After I graduated from American University's MA in Strategic Communication program, I knew exactly the field for me: consumer + lifestyle marketing and public relations. That's how I branded myself. When I began the job-search, however, there were few opportunities in Washington, DC that fit this direction. So, I carved my own path.
First, I turned my Sales Associate role at a Parisian-inspired gift shop, Le Village Marche, into a social media opportunity; I got involved with the store's Instagram. Then, I took on a public relations and marketing position for Washington, DC's top professional organizing and closet design firm, Rachel and Company. Now, I consult a leading life + style, beauty, and travel blogger, Blonde in the District, on top of other clients.
Sometimes, it's easy to know when to take on a new client. They fit your brand. Other times, it's a guessing game. The same is true for following social media accounts. There are many ways to become more strategic and reach your goals.
Should I Follow This Account? 7 Easy Tips:
Evaluate the social media content and presence. Does the brand fit your industry? Does the person represent an ideal client or customer? How active is the user? How often do they post?
Does the account fit with your brand? For instance, if you represent a high-end candle company, or your ideal client lives a life of luxury, you may want to reconsider following Ikea or Home Goods.
Do your followers and prospective target audiences follow these accounts? Find someone who represents your ideal client or customer. Go through the list of users they follow. Here, you will get ideas. For instance, if they follow Martha Stewart, maybe you should too.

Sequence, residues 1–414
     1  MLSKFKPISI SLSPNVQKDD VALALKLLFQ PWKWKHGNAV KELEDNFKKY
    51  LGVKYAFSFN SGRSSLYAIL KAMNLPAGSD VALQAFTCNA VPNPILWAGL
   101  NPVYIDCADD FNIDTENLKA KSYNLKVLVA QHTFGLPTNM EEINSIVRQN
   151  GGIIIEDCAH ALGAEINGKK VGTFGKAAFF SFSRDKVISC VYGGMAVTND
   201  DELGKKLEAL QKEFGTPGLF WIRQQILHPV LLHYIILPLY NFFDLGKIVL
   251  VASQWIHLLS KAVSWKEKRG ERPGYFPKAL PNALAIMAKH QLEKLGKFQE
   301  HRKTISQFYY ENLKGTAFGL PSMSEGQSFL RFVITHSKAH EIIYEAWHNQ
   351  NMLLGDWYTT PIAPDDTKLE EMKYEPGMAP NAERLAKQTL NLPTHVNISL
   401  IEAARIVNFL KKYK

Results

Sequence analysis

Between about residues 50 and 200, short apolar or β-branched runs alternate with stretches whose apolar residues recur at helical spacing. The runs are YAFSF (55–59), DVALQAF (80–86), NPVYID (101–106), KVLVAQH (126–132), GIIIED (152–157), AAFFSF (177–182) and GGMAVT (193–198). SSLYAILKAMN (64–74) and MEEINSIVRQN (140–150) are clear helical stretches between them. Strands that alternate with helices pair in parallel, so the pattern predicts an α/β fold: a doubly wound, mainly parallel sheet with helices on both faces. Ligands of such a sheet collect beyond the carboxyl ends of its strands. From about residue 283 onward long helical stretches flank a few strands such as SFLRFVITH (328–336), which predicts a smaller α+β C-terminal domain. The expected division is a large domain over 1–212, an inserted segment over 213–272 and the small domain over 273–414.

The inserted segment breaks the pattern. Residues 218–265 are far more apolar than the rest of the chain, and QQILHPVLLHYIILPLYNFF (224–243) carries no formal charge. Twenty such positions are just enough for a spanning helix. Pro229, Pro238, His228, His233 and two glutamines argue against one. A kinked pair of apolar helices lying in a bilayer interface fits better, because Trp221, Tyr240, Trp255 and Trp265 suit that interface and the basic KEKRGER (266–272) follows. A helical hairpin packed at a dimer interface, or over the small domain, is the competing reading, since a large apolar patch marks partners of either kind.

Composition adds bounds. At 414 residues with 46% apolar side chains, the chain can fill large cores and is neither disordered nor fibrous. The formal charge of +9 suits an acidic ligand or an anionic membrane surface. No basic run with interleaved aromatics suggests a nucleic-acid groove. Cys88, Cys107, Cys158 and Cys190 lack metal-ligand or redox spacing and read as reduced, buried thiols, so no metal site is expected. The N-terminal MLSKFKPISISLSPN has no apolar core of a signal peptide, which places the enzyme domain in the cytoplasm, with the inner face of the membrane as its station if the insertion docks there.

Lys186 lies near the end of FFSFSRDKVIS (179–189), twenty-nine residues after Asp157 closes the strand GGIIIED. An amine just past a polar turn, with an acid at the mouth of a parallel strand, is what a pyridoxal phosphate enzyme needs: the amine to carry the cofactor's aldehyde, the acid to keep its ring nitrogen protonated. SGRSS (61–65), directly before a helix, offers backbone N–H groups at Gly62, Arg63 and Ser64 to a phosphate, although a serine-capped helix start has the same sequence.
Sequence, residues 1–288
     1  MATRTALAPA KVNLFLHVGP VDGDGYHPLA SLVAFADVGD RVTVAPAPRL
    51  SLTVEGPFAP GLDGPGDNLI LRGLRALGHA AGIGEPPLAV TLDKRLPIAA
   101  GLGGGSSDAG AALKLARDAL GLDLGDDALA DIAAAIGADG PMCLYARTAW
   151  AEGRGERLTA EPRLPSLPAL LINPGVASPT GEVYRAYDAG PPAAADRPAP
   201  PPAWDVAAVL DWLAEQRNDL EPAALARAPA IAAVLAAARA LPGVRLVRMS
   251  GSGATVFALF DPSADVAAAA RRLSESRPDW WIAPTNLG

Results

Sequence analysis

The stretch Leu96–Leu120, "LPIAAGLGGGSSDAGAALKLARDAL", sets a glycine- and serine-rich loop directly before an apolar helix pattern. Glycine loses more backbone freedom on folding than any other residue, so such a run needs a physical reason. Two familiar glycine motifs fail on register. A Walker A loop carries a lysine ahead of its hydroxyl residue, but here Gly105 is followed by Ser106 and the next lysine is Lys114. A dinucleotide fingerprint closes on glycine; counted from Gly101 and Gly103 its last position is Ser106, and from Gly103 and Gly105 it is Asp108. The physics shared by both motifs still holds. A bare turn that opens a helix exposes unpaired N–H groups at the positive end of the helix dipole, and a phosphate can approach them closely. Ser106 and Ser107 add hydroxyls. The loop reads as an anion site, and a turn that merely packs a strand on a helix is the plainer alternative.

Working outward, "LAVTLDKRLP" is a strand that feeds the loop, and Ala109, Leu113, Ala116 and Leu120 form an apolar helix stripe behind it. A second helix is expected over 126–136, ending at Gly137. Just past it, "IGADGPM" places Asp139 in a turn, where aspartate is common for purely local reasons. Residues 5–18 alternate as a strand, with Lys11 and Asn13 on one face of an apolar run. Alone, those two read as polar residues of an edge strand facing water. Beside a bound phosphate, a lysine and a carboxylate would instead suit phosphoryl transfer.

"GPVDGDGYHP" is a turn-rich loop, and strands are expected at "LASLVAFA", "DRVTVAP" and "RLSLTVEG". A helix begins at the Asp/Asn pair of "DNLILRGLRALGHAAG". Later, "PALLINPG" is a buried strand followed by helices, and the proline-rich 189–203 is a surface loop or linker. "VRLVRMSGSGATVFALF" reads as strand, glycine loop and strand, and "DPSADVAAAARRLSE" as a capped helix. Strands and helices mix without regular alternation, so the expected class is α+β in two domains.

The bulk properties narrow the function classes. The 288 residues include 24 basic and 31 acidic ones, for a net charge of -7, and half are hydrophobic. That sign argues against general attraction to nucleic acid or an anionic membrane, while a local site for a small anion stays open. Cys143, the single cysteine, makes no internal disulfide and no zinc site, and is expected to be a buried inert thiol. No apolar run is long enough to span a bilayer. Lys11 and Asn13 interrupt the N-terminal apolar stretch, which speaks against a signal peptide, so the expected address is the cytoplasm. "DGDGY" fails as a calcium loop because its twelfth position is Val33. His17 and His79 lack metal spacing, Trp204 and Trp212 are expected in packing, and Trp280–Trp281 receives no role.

Follow accounts in your industry or similar industries. For instance, if you manage a restaurant, you may want to add a top chef, The Food Network, or even a beverage brand you carry. If you are a beauty blogger, follow a hairstylist.
Who follows you? If they fit your target audiences and brand, follow back and engage! Like their posts, and more importantly, comment to start a conversation. Other users are then more likely to see your name on posts.
Follow your competitors, particularly those in different markets. If you are in a client-based industry, say, in New York, follow a similar business in Nashville, TN. You may want to connect and share ideas. You could also recommend competitors for projects you turn down. That can establish trust and credibility.
If you want to build a partnership with an organization, find one with a similar amount of followers as you have. Think about it. These users are more likely to form relationships with you, and you could potentially double your followers.
I challenge you to consider these tips and questions before you follow a social media account. Share this post with others in your industry, and comment with any questions. I'm only a phone call, comment, or email away.